Little upward mobility: Most of the stores hired their managers from the outside, rather than

    promoting from within. As a result, entry-level workers were largely black or Latino, while most

    managers were white.

    Abusive working conditions: Breaks were short and infrequent. Almost no store allowed sick

    days. Sexual harassment, verbal abuse and threats were frequent, especially against immigrant

    Working Conditions in Gourmet Grocery Stores

    “I was a dedicated employee for more than ten years. I arrived early and worked late regularly hoping to be considered for a promotion to management. That day never came. And over 14 years of work, my salary increased a mere $3.50.” – José Luis, Former Gourmet Grocery Worker-10










    Employment Average Annual Earnings

    P er

    ce n

    ta g

    e C

    h an

    g e

    Figure 1. Change in Employment and Earnings in New York City 1990–2000

    5% 7%




    Food Stores

    Private Sector Overall

    Living on Poverty Wages Workers in this industry aren’t young kids looking to earn extra spending cash.

    • The majority are adults (77% are age 25 and over), trying to support their families.

    • Most work full-time (74%) and depend on these jobs for their livelihood.

    • Many are immigrants (63%) who have come to this country to build a better life.

    • The majority have finished high school (71%).

    Grocery workers get up every morning, go to their job, work very hard for long hours, and pay

    their taxes. But $6.00 to $8.00 an hour isn’t nearly enough to support a family. These workers

    are making below the official federal poverty line.

    You pay. Employers ride free. Bad jobs don’t just hurt workers, they also

    hurt our economy as a whole. That’s because

    taxpayers foot the bill when employers don’t

    pay their workers enough to survive.

    Consider a cashier who supports a family of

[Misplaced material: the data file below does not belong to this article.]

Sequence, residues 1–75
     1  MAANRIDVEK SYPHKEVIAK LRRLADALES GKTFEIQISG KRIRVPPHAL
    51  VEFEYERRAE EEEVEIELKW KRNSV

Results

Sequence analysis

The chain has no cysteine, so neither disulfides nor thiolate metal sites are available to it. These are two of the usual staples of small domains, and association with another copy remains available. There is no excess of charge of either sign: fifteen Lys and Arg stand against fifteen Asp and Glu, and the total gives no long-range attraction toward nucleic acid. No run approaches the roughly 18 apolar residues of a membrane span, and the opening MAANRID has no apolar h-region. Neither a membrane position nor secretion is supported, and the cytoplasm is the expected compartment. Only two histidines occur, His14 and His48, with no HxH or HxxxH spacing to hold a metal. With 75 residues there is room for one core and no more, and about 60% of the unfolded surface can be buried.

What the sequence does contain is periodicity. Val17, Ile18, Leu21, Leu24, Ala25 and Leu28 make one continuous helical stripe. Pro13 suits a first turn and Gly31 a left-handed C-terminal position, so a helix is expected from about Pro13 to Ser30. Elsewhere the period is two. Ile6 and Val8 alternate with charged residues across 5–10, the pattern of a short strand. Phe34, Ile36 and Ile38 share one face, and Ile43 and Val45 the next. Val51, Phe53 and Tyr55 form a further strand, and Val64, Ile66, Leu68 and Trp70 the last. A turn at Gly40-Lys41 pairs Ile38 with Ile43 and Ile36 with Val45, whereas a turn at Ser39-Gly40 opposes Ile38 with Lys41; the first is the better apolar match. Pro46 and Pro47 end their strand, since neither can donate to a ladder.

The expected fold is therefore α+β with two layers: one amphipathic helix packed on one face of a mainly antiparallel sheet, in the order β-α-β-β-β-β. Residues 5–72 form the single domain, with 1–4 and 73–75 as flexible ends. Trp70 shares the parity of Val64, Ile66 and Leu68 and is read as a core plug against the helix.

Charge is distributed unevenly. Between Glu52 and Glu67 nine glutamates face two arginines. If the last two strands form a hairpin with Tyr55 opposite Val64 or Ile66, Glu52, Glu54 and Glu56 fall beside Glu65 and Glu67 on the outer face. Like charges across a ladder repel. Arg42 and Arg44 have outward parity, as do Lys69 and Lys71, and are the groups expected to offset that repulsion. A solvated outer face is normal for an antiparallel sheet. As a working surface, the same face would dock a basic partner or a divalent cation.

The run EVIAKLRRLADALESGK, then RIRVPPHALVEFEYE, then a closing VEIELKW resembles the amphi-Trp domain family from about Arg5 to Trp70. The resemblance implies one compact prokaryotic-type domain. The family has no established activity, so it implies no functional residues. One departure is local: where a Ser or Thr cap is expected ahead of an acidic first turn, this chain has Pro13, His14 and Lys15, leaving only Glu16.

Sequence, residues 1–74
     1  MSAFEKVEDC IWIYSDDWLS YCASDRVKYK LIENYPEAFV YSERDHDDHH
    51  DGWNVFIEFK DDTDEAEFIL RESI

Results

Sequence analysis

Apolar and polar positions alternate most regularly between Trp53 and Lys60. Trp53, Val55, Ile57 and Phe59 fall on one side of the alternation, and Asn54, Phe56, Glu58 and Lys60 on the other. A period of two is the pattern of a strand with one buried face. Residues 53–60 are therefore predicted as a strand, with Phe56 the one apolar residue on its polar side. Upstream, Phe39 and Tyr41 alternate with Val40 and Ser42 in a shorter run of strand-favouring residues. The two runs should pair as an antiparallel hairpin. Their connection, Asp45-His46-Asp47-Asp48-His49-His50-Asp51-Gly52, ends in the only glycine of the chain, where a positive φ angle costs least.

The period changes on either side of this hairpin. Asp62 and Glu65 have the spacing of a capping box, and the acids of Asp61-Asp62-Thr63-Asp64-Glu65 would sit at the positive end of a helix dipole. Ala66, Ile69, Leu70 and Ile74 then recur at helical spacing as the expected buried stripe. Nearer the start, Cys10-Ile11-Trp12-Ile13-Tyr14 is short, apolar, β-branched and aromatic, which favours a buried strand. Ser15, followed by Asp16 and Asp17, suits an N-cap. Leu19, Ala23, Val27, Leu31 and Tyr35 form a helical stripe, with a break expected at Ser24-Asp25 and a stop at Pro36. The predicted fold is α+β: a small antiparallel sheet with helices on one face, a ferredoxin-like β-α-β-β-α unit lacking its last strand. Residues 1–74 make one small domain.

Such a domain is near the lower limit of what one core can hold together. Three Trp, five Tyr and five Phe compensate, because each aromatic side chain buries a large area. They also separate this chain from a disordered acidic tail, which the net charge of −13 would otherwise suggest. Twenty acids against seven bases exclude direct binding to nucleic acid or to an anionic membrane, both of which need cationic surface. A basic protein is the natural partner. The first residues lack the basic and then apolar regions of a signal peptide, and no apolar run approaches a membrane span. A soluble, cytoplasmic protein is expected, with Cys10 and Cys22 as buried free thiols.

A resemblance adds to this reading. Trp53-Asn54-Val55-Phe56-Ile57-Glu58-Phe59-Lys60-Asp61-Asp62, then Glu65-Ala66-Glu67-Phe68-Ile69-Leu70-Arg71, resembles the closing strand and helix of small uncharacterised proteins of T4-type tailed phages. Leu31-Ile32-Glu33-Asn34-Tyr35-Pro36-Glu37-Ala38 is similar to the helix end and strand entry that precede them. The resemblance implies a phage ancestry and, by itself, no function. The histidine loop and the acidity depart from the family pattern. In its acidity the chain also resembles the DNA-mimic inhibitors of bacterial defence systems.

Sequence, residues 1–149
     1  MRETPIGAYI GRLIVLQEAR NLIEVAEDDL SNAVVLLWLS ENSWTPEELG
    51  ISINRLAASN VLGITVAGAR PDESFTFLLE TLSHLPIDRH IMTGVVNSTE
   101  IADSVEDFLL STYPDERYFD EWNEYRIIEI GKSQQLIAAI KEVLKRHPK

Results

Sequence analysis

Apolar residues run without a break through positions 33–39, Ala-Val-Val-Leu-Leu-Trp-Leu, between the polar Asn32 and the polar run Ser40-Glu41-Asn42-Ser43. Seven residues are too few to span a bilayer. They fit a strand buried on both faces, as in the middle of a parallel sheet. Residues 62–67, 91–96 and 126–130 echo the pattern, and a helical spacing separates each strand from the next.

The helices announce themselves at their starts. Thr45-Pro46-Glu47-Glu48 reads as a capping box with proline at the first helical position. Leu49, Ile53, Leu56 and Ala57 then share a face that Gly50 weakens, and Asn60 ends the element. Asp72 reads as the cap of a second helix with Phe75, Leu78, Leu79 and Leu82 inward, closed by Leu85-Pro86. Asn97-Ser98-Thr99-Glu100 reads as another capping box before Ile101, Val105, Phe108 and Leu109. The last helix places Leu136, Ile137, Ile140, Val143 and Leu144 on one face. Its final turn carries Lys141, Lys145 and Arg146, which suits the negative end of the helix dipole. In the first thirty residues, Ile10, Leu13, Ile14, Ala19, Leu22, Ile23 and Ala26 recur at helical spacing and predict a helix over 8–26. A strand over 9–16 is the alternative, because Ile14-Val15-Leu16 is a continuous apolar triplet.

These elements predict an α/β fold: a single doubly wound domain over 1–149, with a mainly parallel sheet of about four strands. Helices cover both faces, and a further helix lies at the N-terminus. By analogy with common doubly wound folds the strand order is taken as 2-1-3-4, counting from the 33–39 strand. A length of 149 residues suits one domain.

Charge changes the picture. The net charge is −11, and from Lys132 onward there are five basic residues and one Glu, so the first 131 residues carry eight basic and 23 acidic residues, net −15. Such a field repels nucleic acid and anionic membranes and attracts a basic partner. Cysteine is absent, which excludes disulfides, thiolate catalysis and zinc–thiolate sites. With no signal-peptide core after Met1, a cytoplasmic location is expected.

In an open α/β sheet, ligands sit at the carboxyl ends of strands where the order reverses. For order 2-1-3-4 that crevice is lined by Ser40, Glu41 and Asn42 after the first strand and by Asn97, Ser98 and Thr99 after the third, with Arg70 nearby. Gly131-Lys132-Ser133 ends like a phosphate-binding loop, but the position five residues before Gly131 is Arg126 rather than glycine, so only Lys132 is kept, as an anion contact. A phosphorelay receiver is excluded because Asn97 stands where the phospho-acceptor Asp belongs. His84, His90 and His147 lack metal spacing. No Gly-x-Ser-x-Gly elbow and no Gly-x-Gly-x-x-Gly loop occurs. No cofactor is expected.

four and earns $6.60 an hour. At this poverty

    wage, she qualifies for public assistance, food

    stamps, Medicaid, Family Health Plus and

    Housing subsidy – all of which are paid for

    with public dollars.

    This adds up. A recent report estimates that

    in 2002, about $1.1 billion in public benefits

    was spent on low-wage retail workers in

    New York City.

    These safety net programs should go to

    those who need them the most. Profitable

    employers should pay family-supporting

    wages, not force the public to pick up

    the tab.

    Table 1: What does it cost to live in New York City?

    $22.00 – $35.00 per hour

    Self-Sufficiency Wage (For a single earner with two young children in the outer boroughs.)

    The “self sufficiency standard” measures how much income a family requires in order to meet basic needs such as food, housing and child care. The wage is calculated for different family types and regions based on a realistic assessment of the costs of living. In the outer boroughs, the self-sufficiency wage for a single wage earner with young children is $20–$24 per hour. In lower Manhattan, it’s $35.15 per hour.

    $20.63 per hour Housing Wage (For a single earner renting a two bedroom apartment at market price.)

    The “housing wage” estimates the livable wage for NYC based on the average costs of renting an apartment on the open market. Assuming that housing costs should account for no more than a third of a family’s budget, the“ housing wage” required for a single earner to afford a two bedroom apartment in NYC is $20.63 per hour.

    $9.76 per hour

    $8.84 per hour

    Food Stamp Wage (For a single earner supporting two young children.)

    A family of three qualifies for food stamps if their household income is $19,536 per year, or $9.76 per hour after taxes.

    Poverty Wage (For a single earner supporting a family of four.)

    The federal poverty line is set at $18,400 annually for a family of four, or $8.84 per hour for a single earner.

    “You shall not abuse a needy and destitute laborer, whether a fellow countryman or a stranger in one of the communities of your land.” – Deuteronomy 24:14

    Table 2: The high prices of gourmet grocers

    A typical shopping excursion in Union Square

    Item Cost at Gourmet GrocerCost at Normal Supermarket

    Organic Eggs

    One Gallon Orange Juice

    1 lb. Cold Cuts

    Helman’s Mayonnaise



    Can of Beans

    Can of Soup

    Mac n’ Cheese

    Cheese - average per lb.

    5 lbs. sugar